The European Securities and Markets Authority (hereinafter, “ESMA”) has published on January 9, 2019 an Advice on ICOs and crypto-assets in order to clarify the existing legal regime applicable to crypto-assets that qualify as financial instruments.
After analyzing the different business models of crypto-assets, the risks, potential benefits and how they fit within the existing regulatory framework, ESMA has detected various problems related to the applicable regulatory framework. In this respect, ESMA differentiates between crypto-assets that qualify as financial instruments in accordance with the Directive 2014/65/EU of the European Parliament and of the Council of 15 May 2014 on markets in financial instruments (hereinafter, “MIFID II”) and crypto-assets that do not qualify as financial instruments.
Regarding the first category, ESMA highlights the existence of diverse regulatory requirements which should be reconsidered in order to allow an effective application of the existing legal regime. Regarding the second one, ESMA warns against the absence of an applicable legal regime and the potential risks that they imply for investors. In particular, ESMA notes that, at least, the requirements related to the prevention of money laundering should be applicable to all crypto-assets – whether or not they are qualified as financial instruments - and all activities in which they are involved.
ESMA’s Advice includes the following interesting points:
ESMA analyses the legal provisions that can be potentially applied to crypto-assets that qualify as financial instruments. In particular:
As the EU’s existing regulatory framework was not created with crypto-assets in mind, the national authorities with competencies in securities markets are now facing a new challenge: interpreting the existing requirements, which may not apply consistently across Member States, and trying to avoid regulatory arbitrage.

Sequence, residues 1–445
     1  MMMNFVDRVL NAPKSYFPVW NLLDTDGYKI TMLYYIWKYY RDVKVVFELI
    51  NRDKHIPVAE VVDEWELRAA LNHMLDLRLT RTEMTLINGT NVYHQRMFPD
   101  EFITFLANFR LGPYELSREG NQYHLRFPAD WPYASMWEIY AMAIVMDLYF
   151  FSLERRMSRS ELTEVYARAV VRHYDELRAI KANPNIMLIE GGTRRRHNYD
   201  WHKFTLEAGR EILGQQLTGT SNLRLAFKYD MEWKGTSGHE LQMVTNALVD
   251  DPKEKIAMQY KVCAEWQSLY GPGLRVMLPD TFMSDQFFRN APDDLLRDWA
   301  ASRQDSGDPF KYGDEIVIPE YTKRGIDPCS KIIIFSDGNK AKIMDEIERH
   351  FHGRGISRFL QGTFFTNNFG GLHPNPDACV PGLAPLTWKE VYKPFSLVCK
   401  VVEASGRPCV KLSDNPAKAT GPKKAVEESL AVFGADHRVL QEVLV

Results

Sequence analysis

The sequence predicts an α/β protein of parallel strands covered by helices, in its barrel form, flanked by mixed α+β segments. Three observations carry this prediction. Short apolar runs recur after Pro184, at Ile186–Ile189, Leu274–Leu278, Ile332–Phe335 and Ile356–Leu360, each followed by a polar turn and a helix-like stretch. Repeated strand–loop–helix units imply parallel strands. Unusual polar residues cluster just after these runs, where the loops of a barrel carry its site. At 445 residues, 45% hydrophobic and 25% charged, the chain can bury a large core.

First, ESMA considers greater clarity about the types of services and activities that may be defined as “custody/safekeeping services” under the EU financial regulation. In ESMA’s opinion, having control of private keys on behalf of the clients could be considered equivalent to custody/safekeeping activities and, therefore, the existing requirements should apply to those who provide these services. In the meanwhile, some technical changes on requirements are needed in order to provide clarity on their interpretation.
Second, ESMA considers need for greater clarity concerning the concepts of “settlement” and “settlement finality” when applied to crypto-assets. In particular, ESMA considers that there should be a distinction between those DLT considered “permissioned” and those considered “permissionless”. This said ESMA has identified some governance issues within permissionless DLTs, making them less suitable to the processing of financial instruments. Another related issue ESMA has identified is the role of the “miners” as, given their novel and fundamental role in the settlement process, it is still unknown how they will be treated under the existing legislation.
Third, the ESMA has identified specific risks in the underlying technology, which may need an update in the requirements. ESMA believes that protocol and intelligent contracts that support encryption activities should be guaranteed somehow, in order to comply with the minimum reliability and security requirements. In addition, we must take into account new cybersecurity responses, including hacking risks, in order to assess if they are appropriately addressed by the existing set of rules.
This said, many of these issues would require Level 1 measures, which would be complemented by Level 2 technical standards and Level 3 measures adopted by ESMA.
Other issues that ESMA is concerned about are:
ESMA warns that a very small volume of currently issued crypto-assets are likely to qualify as financial instruments under the MiFID II Directive. In relation to this type of crypto-assets, ESMA is aware that some Member States are considering the implementation of legal regimes which could be applicable. Nevertheless, ESMA is concerned about the inexistence of a harmonized legal regime.
In view of this situation, ESMA proposes two options: